Some rogue nations/groups have ideological connections, while others do not.  In the past, the various nuclear-armed countries have worked together to halt nuclear proliferation.  Additionally, the M.A.D. (Mutual Assured Destruction) concept has been successful; because, most countries realize that the full-scale usage of high-yield nuclear weapons, by two opposing sides, would annihilate both the attacking country and the one that retaliates.

The most important point in this is that we cannot assume that the rogue groups interpret these ideas as the rest of the world does?  As we have seen in the Middle East, some might actually not abide by M.A.D. if they believe that they truly have nothing to lose.  I clearly do not know the answers to the questions that I have posed; however, I just do not see them written or talked about in the media, or in various journals.


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  1. #1 by cheekos on August 9, 2015 - 5:15 AM

    If you regard my third point as being similar to the debate over the Iran Nuclear Deal, you may wish to read my recent blog post, and don’t miss Trudy Rubin’s column, from the Philadelphia Inquirer, which provides a good analysis of it: https://thetruthoncommonsense.com/2015/07/31/the-iran-nuclear-deal-the-best-option-among-several-bad-choices/.

  2. #2 by maxcat07 on August 9, 2015 - 9:18 PM

    One interesting point, contained in a fascinating book, “The Making of the Atomic Bomb” by Richard Rhodes, is that the bomb wasn’t practically ready until almost the fall of Germany, and as such wasn’t deemed needed for the European theater. Following V-E day, most military experts felt that it would still take some time to defeat Japan, as the Japanese people so revered their Emperor they were making homemade bombs, willing to die in house to house fighting.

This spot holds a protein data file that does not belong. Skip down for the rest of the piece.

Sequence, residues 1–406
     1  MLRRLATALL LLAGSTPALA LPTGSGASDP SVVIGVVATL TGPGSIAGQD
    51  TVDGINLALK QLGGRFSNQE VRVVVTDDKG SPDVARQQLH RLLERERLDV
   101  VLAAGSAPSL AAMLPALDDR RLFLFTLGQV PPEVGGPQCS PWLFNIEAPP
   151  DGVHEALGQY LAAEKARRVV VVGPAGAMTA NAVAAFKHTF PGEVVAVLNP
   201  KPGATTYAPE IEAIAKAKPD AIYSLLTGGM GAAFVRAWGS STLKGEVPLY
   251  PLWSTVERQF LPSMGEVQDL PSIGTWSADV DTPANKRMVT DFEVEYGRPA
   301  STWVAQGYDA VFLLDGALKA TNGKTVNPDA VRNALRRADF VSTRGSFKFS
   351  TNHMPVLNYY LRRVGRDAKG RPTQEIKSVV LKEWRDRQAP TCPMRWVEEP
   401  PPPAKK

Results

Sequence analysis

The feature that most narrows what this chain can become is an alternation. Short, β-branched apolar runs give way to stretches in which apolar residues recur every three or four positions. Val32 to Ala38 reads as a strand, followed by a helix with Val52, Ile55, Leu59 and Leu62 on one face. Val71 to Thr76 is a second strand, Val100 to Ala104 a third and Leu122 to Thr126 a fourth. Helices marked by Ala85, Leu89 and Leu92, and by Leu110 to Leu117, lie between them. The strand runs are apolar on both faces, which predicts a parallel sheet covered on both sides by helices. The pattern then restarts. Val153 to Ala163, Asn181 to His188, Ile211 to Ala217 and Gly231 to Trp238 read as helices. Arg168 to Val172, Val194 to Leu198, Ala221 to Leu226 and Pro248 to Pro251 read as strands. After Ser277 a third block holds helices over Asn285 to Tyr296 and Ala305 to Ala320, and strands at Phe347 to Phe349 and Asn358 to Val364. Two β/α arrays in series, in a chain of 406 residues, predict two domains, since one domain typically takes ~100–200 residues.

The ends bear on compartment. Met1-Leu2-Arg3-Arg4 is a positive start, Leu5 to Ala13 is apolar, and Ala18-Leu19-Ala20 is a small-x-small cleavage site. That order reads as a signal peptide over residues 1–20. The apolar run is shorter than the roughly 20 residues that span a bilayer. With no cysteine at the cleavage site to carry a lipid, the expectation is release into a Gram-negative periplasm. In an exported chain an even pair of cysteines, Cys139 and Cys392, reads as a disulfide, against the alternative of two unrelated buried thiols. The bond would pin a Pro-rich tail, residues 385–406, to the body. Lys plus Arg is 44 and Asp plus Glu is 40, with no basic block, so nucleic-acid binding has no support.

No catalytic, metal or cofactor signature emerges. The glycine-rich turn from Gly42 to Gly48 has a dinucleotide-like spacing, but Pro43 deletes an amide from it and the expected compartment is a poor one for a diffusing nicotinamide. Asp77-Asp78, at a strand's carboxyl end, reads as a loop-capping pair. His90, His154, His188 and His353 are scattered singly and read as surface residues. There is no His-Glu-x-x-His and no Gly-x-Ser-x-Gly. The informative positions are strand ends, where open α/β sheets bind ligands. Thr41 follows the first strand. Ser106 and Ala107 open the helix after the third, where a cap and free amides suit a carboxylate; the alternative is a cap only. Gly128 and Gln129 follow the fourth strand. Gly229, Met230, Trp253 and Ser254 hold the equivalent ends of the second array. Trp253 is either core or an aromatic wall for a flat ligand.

• #3 by cheekos on August 12, 2015 - 1:32 AM

      Great point, MaxCat. That sheds a little light on why the U. S. dropped the two bombs on Japan, and none on Germany. In fact, 70 years later, I guess that we will really never know for sure.

      • #4 by breakingmad14 on August 12, 2015 - 3:01 AM

        I don’t imagine we ever will. Once the “project” moved from the scientists to the military, too many secrets were withheld.

  3. #5 by Rob on September 7, 2015 - 5:58 PM

    In fact, 70 years later, I guess that we will really never know for sure.

    Won’t know for sure!!!!!!
    The war with Germany was over!!!!!!!!!! You don’t bomb someone after the fact!
    Besides, Germany had been utterly destroyed. There wouldn’t have been a target worth using an A-bomb.

    • #6 by cheekos on September 7, 2015 - 8:31 PM

      Valid point! Yes, the war had just ended in Europe. By the way, a prior comment had already noted that.

  4. #7 by Rob on September 7, 2015 - 6:00 PM

    Also, The fire-bombing of Dresden was the equivalent of an A-bomb. The firestorm sucked the oxygen and life out of everything there.

    • #8 by cheekos on September 7, 2015 - 8:34 PM

      The bombing of Dresden goes both ways. The Blitz over London seemed to merely give the Brits more of the proverbial “stiff upper lip”.